English Language

Do you want to learn how to effectively write stories, articles and reviews? Do you want to learn how the English Language developed, and is developing over time? Do you want to become a more effective speaker and listener? Then English Language A-Level is the course for you! On this course, you will be equipped with the linguistic skills and terminology to be able to become a more effective speaker and writer. You will learn how to write creatively, how the English Language has changed over time and how to understand and analyse the rules and codes which operate whenever we speak. You also learn about how children, men and women use language as well as accents and dialects. This course fits well with any other subject where you have to communicate as it gives you the skills to improve the clarity, fluency and variety of your communication, both spoken and written.

Awarding Body

Available As

A Level

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What will I study?

English Language involves the study of linguistics rather than literature. There is a small amount of creative writing. At the heart of the course is the analysis of written and spoken language texts. There are no set texts. There are four Components ( 3 exams/1 coursework = 80%/20%) to the A-level:

  1. Language Concepts and Issues - this involves developing your knowledge of language features and linguistic terminology, so that you can analyse a range of written and spoken language material.
  2. Language Change over Time - you will study the way language has changed and developed over the centuries and how language is being used in the age of the internet.
  3. Creative and Critical Use of Language - developing your own creative writing skills for both literary and non-literary genres and learning to analyse your own writing.
  4. Language and Identity - this is the coursework component and involves the production of an extended investigation into a topic of your own choice (with guidance from staff), which explores areas such as the relationship between language and gender, culture or diversity in society.

How will I learn?

You will be introduced to a range of short textual material  - both written and spoken - and develop the skills to analyse these, using linguistic terminology. We aim to provide a varied range of learning activities from watching stand-up comedy to reading extracts from novels. There will be small group work, whole class discussion and individual tasks. You will learn to apply linguistic terms, develop knowledge of phonetics and child language acquisition and practise new skills such as transcribing spoken language into written forms. Classes will involve, in addition to some direct teaching of new linguistic concepts and terms: presentations, listening to and making recordings, quizzes, group and individual research tasks, watching television and film excerpts and, of course, reading texts and analysing them.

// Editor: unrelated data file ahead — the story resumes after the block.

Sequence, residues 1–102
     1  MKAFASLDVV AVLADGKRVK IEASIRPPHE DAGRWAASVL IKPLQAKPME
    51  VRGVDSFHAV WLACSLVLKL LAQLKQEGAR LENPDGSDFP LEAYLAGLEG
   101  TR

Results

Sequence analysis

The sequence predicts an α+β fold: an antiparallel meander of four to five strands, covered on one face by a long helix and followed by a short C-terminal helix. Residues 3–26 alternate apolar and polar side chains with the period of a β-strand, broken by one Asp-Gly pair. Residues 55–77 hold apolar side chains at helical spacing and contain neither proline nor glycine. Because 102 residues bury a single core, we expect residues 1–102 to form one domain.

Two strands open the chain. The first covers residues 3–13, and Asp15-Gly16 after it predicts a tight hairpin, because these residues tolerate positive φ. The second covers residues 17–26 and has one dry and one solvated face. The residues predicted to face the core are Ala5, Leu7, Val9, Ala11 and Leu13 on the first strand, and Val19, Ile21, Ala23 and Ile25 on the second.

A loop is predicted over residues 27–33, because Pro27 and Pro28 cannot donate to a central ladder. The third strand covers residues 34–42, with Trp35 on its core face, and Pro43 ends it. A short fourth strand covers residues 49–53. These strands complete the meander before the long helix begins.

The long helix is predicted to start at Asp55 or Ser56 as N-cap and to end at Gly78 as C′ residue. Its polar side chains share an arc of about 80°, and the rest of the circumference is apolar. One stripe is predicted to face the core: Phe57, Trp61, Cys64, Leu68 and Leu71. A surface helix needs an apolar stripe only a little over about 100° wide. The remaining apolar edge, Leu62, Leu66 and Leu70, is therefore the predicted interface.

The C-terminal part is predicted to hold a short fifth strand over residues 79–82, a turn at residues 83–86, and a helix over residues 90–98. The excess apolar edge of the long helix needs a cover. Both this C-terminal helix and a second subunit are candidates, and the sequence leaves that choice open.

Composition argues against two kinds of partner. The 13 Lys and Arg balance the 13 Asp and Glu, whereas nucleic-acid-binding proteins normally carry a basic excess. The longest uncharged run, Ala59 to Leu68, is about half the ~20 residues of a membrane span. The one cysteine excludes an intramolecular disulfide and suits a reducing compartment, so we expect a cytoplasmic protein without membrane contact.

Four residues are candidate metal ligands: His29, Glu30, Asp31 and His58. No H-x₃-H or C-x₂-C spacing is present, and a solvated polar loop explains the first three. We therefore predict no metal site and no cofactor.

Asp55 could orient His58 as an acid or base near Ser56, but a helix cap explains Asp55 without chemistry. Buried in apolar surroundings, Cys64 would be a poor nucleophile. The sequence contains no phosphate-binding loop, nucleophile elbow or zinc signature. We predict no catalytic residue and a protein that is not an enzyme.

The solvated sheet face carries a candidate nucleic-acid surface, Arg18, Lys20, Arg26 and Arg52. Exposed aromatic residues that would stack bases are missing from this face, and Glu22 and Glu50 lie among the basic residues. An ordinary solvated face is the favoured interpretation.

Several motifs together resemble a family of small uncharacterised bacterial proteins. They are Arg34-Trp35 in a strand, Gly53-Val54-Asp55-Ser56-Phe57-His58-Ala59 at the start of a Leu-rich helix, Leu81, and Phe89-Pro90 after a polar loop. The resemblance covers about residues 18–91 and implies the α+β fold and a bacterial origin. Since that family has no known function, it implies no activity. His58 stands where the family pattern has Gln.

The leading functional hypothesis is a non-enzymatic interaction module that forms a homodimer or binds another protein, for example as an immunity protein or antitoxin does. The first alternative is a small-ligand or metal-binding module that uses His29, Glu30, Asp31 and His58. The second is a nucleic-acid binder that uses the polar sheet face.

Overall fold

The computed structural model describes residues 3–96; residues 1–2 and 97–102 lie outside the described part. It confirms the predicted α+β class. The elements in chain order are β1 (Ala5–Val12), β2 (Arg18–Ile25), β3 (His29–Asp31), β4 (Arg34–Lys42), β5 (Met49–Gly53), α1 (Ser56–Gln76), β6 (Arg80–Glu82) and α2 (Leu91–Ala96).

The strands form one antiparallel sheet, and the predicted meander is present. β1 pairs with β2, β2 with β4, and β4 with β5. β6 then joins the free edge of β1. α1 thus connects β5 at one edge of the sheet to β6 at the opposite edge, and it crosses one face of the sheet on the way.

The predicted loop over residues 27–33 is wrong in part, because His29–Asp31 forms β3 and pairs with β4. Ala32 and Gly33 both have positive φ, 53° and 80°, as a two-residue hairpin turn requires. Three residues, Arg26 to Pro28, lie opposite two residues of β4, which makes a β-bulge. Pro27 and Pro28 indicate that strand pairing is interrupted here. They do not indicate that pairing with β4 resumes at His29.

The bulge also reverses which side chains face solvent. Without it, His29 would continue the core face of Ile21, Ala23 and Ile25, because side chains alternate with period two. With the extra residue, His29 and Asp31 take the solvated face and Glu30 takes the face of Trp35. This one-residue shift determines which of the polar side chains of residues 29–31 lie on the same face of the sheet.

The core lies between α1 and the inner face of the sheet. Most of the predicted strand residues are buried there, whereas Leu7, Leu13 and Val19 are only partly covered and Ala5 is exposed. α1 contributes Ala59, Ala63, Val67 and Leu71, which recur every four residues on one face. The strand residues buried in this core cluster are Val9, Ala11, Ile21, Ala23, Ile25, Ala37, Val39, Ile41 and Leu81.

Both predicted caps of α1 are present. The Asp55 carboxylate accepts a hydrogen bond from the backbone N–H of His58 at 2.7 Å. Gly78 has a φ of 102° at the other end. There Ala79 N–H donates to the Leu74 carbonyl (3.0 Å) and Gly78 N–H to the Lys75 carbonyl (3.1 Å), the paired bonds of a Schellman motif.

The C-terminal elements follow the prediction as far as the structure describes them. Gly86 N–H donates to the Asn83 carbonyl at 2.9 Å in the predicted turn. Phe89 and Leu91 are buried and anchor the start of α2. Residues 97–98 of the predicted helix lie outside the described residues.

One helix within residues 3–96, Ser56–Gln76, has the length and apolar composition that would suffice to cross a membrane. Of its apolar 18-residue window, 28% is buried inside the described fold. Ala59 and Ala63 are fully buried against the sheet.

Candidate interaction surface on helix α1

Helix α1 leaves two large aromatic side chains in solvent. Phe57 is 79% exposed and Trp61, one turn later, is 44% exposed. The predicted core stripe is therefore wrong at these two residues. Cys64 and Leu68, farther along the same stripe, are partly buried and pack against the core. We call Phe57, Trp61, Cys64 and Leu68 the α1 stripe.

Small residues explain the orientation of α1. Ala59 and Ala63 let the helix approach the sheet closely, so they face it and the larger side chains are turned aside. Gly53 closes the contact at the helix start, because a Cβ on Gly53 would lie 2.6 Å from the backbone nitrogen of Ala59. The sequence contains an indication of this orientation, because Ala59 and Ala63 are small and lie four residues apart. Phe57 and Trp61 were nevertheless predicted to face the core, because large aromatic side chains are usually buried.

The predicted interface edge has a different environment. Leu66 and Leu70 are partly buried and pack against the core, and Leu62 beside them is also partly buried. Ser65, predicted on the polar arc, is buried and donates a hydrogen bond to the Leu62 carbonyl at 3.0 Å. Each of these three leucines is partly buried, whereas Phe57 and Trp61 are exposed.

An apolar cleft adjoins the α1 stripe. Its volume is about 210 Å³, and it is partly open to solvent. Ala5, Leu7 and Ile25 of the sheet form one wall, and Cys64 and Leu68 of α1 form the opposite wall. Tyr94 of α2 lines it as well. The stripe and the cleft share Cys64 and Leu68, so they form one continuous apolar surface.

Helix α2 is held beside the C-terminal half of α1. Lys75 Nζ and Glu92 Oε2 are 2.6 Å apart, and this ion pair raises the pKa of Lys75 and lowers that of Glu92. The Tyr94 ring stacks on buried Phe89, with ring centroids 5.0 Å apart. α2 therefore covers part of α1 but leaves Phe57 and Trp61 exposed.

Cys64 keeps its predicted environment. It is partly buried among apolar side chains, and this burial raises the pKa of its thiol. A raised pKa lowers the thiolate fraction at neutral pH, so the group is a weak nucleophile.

How will I be assessed?

  1. Language Concepts and Issues Exam 2 hrs 30%
  2. Language Change over Time Exam 2 hrs 15 mins 30%
  3. Creative and Critical Use of Language Exam 1 hour 45 mins 20%
  4. Language and Identity Coursework 20%

Are there any trips on this course?

Linguistic talk at University of the West of England, Bristol

Guest tutor in creative writing

Are there any extra costs?

Small costs for course handbooks/textual resources

Are there any specific entry requirements?

English Language at grade 5.

Careers Information



Can I take this course alongside other English A Levels?

You may study English Literature A-level at the same time but you cannot choose English Language and Literature (the combined course).

Can I study English at university once I have done this course?

You can study English at University but you are only really equipped to do courses that are predominantly language-based, such as Linguistics. If you want to study literature at University, you should take English Literature A-level.

What essays will I have to write on this course and how often will I write them?

Your writing will either be production work (you write a review of a film, for instance, with a commentary on your own writing) or analysis (you analyse how language is used in an advertisement, for instance). You will do an assignment every two weeks.